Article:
I had been running hard for months and needed a break. I had barely finished my third message at the Media Theater one Sunday when I called my wife and said, "Book us a hotel at the shore."
If I had had time to plan myself, I would have chosen a Marriott or something like that. My wife, being frugal and more realistic about our financial situation, selected a motel off the beaten track. It wasn't the Bates, but it was close: folks using the trunks of their cars as suitcases, no net on the basketball hoop, and a pool that was eight-by-eight. The six of us jammed into one room and fit right in with the crowd.
We decided to go for a dip in the pool to cool off before heading to the ocean. While poolside we chatted with a woman and her son and then left for the beach. My family was ahead of me since I had returned to the room to get a cooler.
Waiting for the light to turn green I felt a tap on my back. It was the woman from the pool. She said, "Mister, are you a Christian?" I affirmed that I was. Then she asked if I was a pastor. Wondering where this was headed, I listened as she plunged head-on into her story.
She had married a man twelve years prior. They were both Christians but, slowly over time, he had begun to backslide. He began drinking and was home infrequently. During the last six months he had begun to beat her. She said she had planned this long weekend the beach with her son as a last-ditch effort to hear from God. Otherwise, she was ready to give up: though she and her son had been seeing a therapist, she was beginning to have suicidal thoughts.
For the next half-hour the two of us stood on that street corner talking about God's love, grace, and ability to sustain us in times of need. I shared a verse out of Isaiah – "For your Maker is your husband, The LORD of hosts is His name" (Isa. 54:5) --— and then we prayed and I departed.
Why am I sharing this encounter with you? Because two thousand years ago God came to Earth as a man. Theologically this is called the Incarnation: culturally it is celebrated as Christmas.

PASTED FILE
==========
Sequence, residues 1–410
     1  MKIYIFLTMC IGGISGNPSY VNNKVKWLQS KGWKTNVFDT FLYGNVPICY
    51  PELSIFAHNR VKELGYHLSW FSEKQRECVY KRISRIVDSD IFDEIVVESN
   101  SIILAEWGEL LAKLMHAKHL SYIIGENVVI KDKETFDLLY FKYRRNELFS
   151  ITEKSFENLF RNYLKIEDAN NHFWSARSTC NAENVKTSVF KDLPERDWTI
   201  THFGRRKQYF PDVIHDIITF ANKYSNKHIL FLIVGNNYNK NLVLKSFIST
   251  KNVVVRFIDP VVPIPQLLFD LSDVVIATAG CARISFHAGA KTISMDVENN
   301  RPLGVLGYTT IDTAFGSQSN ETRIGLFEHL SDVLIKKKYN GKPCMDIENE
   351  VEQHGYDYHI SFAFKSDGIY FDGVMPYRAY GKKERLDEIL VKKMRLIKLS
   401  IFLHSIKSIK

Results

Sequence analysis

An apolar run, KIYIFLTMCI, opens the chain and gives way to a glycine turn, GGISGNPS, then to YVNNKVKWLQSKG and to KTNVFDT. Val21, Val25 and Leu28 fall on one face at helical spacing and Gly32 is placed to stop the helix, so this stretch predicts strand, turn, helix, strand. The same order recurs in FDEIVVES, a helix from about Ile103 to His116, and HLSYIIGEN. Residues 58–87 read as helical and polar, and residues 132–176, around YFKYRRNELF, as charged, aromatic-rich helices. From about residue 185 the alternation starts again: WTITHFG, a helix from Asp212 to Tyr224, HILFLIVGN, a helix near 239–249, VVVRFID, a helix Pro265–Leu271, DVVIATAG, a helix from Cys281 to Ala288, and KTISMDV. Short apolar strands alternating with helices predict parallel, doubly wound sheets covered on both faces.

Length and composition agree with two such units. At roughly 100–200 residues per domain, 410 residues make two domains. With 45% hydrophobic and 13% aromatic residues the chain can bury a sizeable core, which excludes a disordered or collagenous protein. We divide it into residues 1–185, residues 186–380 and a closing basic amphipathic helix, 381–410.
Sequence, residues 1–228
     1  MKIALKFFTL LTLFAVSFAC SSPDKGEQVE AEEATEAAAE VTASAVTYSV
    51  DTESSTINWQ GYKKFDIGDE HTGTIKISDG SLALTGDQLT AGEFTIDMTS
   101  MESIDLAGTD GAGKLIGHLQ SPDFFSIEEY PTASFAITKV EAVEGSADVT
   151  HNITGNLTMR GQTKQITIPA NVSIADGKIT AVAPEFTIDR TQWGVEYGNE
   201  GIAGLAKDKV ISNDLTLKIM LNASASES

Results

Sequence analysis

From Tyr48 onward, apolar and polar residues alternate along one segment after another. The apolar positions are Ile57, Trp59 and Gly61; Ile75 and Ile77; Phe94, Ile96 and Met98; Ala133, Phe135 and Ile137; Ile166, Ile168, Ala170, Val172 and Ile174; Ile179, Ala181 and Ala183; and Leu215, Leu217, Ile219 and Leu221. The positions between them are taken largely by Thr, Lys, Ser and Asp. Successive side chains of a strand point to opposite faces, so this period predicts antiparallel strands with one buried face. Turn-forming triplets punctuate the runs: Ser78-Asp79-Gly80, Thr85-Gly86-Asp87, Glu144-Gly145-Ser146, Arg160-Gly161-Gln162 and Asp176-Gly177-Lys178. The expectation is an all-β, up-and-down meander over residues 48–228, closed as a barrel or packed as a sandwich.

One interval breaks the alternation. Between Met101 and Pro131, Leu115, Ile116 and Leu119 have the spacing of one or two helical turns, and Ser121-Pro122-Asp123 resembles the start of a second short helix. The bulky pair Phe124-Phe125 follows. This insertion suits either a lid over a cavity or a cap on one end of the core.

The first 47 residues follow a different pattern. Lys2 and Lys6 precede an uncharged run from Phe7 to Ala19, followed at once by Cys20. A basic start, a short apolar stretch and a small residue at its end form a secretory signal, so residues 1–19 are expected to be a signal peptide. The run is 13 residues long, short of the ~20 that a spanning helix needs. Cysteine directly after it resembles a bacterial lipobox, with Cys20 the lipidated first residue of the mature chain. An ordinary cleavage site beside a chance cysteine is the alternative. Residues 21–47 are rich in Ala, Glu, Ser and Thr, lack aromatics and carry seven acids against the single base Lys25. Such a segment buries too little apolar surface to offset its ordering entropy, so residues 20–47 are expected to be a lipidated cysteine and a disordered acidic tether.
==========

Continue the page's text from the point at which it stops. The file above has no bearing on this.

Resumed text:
The stark reality is that, except for an unknowable number of Magi from Persia and, later, twelve hand-picked male followers plus a handful of women, most people missed this miraculous occurrence.
Here, secure in the in the twenty-first century, we think, "Shame on them!" Had God chosen for Jesus to come to earth in our day surely we would have recognized Him. We couldn't possibly be like those blind, stuck-up religious leaders called Pharisees.
Or could we?
Crossing that street I felt as if the Lord impressed upon me that we do indeed miss Jesus much of the time. The main reason is that we are not in contact with "the least of these," those who need Him most:
Then the King will say to those on His right hand, 'Come, you blessed of My Father, inherit the kingdom prepared for you from the foundation of the world: for I was hungry and you gave Me food; I was thirsty and you gave Me drink; I was a stranger and you took Me in; I was naked and you clothed Me; I was sick and you visited Me; I was in prison and you came to Me.'
Then the righteous will answer Him, saying, 'Lord, when did we see You hungry and feed You, or thirsty and give You drink? When did we see You a stranger and take You in, or naked and clothe You? Or when did we see You sick, or in prison, and come to You?' And the King will answer and say to them, 'Assuredly, I say to you, inasmuch as you did it to one of the least of these My brethren, you did it to Me.' (Matthew 25:34-40)
So often we avoid the uncomfortable places He wants us to be. We inoculate ourselves from those whom we consider to be the dregs of society. And like the priest who passed by the man in need in the story of the Good Samaritan, we feel as if we have already done our religious duty and need a break. (How ironic that, though I had spoken at three church services that morning, it was later on a street corner that I would hear God's voice and be used of Him.)
This Christmas season, let's keep a look-out for Jesus – in the overwhelmed sales clerk at the mall, in the bathroom attendant at the highway rest stop, in the flight attendant working the red-eye, in your least-favorite neighbor – wherever we are, whomever we're with.
Let's not miss Jesus.